They may be able to follow a complex legal route that could place formidable obstacles in the way of the pipeline. There is also an even more complex political route that could result in a blocking of the project, but this would involve a high-stakes battle at the highest political level. Energy Post editor-in-chief Karel Beckman reports.
At a debate in the European Parliament on 6 April, the mood towards Nord Stream 2 could not have been more hostile. Petras Auštrevičius, MEP from Lithuania and Vice-Chair of the ALDE-faction (Alliance of Liberals and Democrats for Europe) in the European Parliament, called Nord Stream 2 a “killer project”, that “would kill much of what the Energy Union was intended to achieve”.
MEP (and former Polish Prime Minister) Jerzy Buzek of the European People’s Party (Christian-Democrats), and also Chair of the important ITRE Committee (Industry, Research and Energy) in the Parliament, said that “Nord Stream 2 and Energy Union cannot co-exist”. He also stressed that “the majority of the European Parliament opposes Nord Stream 2.”
By pitting Nord Stream 2 against “the Energy Union” the opponents have turned their opposition to the pipeline into a high-stakes game. The Energy Union is one of the top priorities of the current European Commission.
But their stance is not a surprise. Earlier, on 17 March, Prime Ministers and leaders of 9 EU member states (Czech Republic, Hungary, Poland, Slovak Republic, Romania, Estonia, Latvia, Lithuania, Croatia) had sent a letter to Jean-Claude Juncker, President of the European Commission, speaking out against Nord Stream 2. They pointed out, among other things, that Nord Stream 2 poses “risks for energy security in the region of Central and Eastern Europe, which is still highly dependent on a single source of energy”.
And the European Commission itself has also taken a highly critical stance towards Nord Stream 2. In a speech in October last year, Miguel Arias Cañete, Commissioner of Climate Action and Energy, said there were were “serious doubts” whether Nord Stream 2 was compatible with the EU’s “strategy of security of supply”. He said diversification of routes and sources is key to this strategy and “Nord Stream 2 does not follow this core policy objective. On the contrary, if constructed, it would not only increase Europe’s dependence on one supplier, but it will also increase Europe’s dependence on one route.”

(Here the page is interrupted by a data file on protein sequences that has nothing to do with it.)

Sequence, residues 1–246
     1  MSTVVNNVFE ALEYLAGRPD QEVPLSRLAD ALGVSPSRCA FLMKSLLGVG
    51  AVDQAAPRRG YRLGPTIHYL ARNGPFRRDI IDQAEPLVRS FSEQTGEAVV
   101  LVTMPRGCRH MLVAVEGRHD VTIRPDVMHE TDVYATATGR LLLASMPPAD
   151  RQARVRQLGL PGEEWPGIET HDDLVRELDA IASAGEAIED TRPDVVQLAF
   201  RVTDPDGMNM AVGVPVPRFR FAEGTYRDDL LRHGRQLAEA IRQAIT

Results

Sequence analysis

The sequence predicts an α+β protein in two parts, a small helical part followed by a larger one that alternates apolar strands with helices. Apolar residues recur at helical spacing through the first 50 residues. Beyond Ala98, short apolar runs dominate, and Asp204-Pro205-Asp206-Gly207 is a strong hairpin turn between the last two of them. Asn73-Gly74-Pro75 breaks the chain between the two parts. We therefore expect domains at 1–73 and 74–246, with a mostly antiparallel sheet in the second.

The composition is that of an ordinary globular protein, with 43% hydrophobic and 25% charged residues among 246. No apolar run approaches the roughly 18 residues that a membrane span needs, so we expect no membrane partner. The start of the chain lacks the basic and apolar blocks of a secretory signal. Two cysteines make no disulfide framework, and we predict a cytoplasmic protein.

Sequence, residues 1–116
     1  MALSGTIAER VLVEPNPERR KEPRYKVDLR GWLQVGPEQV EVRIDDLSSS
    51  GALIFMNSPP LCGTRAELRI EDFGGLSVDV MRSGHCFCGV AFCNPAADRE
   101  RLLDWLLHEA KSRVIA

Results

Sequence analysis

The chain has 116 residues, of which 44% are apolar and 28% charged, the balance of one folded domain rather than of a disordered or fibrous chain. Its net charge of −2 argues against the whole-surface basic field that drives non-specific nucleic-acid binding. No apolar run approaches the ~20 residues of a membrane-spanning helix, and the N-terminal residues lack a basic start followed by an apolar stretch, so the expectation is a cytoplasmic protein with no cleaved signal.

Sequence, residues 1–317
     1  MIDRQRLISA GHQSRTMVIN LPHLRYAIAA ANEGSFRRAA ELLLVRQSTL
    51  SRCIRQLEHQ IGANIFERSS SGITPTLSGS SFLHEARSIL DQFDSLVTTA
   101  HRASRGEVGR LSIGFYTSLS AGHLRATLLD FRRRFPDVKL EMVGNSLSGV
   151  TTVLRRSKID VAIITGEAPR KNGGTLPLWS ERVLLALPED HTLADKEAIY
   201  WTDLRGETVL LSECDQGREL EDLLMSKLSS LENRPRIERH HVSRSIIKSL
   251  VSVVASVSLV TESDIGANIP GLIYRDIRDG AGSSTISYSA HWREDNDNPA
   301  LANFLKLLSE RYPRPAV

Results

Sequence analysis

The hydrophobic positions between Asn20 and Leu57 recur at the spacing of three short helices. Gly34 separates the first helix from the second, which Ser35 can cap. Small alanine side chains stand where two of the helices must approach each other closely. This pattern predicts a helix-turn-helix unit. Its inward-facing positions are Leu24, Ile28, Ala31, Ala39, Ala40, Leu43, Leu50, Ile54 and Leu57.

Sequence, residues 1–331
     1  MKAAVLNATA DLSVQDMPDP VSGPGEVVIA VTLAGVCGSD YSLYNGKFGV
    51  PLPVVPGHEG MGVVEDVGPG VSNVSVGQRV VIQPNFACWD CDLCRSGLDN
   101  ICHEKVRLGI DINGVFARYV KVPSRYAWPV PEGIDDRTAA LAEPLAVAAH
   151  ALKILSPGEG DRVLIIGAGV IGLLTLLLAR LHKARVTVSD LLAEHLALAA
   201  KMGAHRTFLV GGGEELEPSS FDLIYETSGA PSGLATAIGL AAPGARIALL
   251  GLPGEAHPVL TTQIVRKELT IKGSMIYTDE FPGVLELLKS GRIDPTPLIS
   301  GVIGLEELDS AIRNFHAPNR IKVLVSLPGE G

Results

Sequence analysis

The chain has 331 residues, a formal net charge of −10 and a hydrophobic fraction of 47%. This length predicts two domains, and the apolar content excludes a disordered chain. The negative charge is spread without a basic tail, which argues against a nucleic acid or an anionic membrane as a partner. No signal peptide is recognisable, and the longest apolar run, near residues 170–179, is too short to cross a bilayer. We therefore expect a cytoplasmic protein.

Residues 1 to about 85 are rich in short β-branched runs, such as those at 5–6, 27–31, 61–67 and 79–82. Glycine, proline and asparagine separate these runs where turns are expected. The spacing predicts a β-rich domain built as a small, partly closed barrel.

At the event on 6 April in Brussels, Maros Šefčovič, who as Vice-President of the European Commission is in charge of the Energy Union project, voiced equally strong criticism of Nord Stream 2. “Let me be very clear”, he said. “The impact of the Nord Stream 2 project goes clearly beyond the legal discussions. Nord Stream 2 could alter the landscape of the EU’s gas market while not giving access to a new source of supply or a new supplier, and further increasing excess capacity from Russia to the EU. This raises concerns, and I am pretty sure this will play a role in this debate.”
The European Parliament and European Commission seem bent on stopping the Nord Stream 2 project. But can they? The EU is not directly involved in the decision-making process around Nord Stream 2: it is the national permitting authorities of the countries whose waters the pipeline will cross that must grant approval for the project. In this case, these are the permitting authorities of Russia, Finland, Sweden, Denmark and Germany.
Currently, the Nord Stream 2 consortium is “communicating” with the permitting authorities in the five countries, says Ulrich Lissek, Head of Communications of the company. If they give approval, the pipeline can go ahead, according to Lissek: “There is an established approval process based on the rule of law that we are going through. The outcome does not depend on a political decision in Brussels.”
Lissek, who was one of the speakers at the debate in Brussels, said in a separate interview with Energy Post that, although he regarded the political debate in Brussels as “important”, “its outcome will not have a direct impact on the project”.
Nor does Nord Stream 2 wait on an FID (final investment decision), Lissek explained. In effect, the FID has already been taken: the shareholders agreement that was signed in Vladivostok on 4 September last year was the start of the project, said Lissek. (At the time of the signing, Gazprom had a 51 per cent share in the joint project company, called New European Pipeline AG, while Eon, Shell, OMV and BASF/Wintershall each had 10 per cent and Engie 9 per cent. Later Gazprom’s share was reduced to 50 per cent and Engie’s increased to 10 per cent.)
The implementation of the agreement requires a number of separate investment decisions, such as the selection of the pipeline supplier, which took place last month, and getting the required permits from the authorities. Lissek said he does not expect problems with the environmental permits: after all, Nord Stream 1 was built in the same location and is already operational. Indeed, Nord Stream 1 also encountered a great deal of opposition, yet it has been fully approved and is functioning today. So, Lissek implied, why should Nord Stream 2 be treated differently?
Does this mean case closed, Nord Stream 2 will be built if the shareholders want it to? Well, not quite. As Alan Riley, professor at City Law School in London and nonresident senior fellow with the Atlantic Council, pointed out in Brussels: Nord Stream 2 may well face both legal and political obstacles that Nord Stream 1 did not encounter. (See also his in-depth article on Energy Post.) “The world has changed since the first Nord Stream was launched in 2008”, he said.